How do you personally define the Local Peace Economy?
To not spend or be involved in anything that creates war, weapons or injustice. Economic justice is central to the Local Peace Economy.
What prompted you to make moves away from the war economy?
When I was a kid in the 1940s, I grew up in the Midwest with a thrifty family that cared about the land and always had organic gardens. We didn’t use insecticides or fertilizers; we used compost. I remember my little brother eating a great big tomato worm. Later on, I remember Eisenhower talking about the Military-Industrial Complex. After I moved to San Francisco in 1965, I became much more active in the peace movement. I was going to antiwar marches and got involved with actions with the Diggers, and my friends informally. I lived in the back of Blue Unicorn Coffeehouse near the Panhandle, I was a neighbor with the musicians in the Jefferson Airplane. I had only a tiny bit of money, so I tended to dumpster dive (we ate very well dumpster diving, because we knew how to do it), and lots of dry goods and clothes exchange, plus some buying at thrift and second-hand stores. I worked for Head Start and substitute teaching in public and private schools during this period.
We in the hip community knew that the economy was messed up, and we took it for granted that we had to work around it. We tried to re-use things, to be thrifty with resources, to not spend on products made by large corporations, walked a lot and used public transportation. We recycled - it just seemed like a good idea.
What are some of the key first steps you took to create your vision?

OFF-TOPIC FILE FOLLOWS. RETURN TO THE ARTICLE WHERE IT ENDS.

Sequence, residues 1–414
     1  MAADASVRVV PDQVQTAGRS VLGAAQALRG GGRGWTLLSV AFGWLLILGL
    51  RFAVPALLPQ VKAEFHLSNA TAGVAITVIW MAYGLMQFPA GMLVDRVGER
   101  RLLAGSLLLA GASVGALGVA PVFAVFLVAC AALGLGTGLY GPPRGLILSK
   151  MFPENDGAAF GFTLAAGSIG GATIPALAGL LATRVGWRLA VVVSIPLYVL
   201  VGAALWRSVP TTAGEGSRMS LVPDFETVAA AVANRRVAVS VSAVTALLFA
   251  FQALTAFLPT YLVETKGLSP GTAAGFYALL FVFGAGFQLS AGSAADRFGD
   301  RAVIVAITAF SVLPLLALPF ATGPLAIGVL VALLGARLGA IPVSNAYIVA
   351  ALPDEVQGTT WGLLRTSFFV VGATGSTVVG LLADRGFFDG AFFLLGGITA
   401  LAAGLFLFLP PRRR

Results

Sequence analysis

I was always really into gardening and being fair. Some of us had heard of this thing called North American White Witchcraft at SFSU, being taught by Professor Stephen Gaskin. First I was turned off by witchcraft, but later I understood it was more about energy and human relationships. The informal classes used to meet in the Golden Gate Park. Stephen was at a convention at Glide Memorial Church, with church leaders and university professors, who were very interested in what was happening with the psychological generation and their spiritual awakenings. We started The Bus Family and bought several school busses, fixing them up with kitchens and beds so that a group of people could live in them. I had 11 regulars plus 2 hitchhikers in my bus, and we drove to Tennessee. My husband-to-be was one of the hitchhikers, and we’re still together, 45 years later. The vision of The Farm was that we were going to save the world. We said it tongue-in-cheek, but what else was there to do? We meant to buy land and build a community. We intended to demonstrate that we had/have the power to be peaceful in all aspects of our lives. We were voluntary peasants working the land, and householder yogis - we could get married/pair up and have children. Religiously, we were mixed. We lived only 40 miles from where the Ku Klux Klan started.
What is your message to those endeavoring to become a part of the peace economy?
Get together with friends. Talk to your neighbors. Plant community gardens, and work on community projects. Start a second-hand store; gather clothing and shoes to share outside the money economy. Build a community of people who want to create a local peace economy. You can do it in the city or the country. Co-housing is one way to go. There’s a group called Sweat Equity in The Bronx that does just that.
Favorite way to participate in the Peace Economy, that can be easily implemented in a daily routine?
Re-use things and be thrifty with what I/we do. Avoid corporate outlets as often as possible. I meditate; meditation is important for my health, and the health of the people around me. I bless the world.
Boston, MA, United States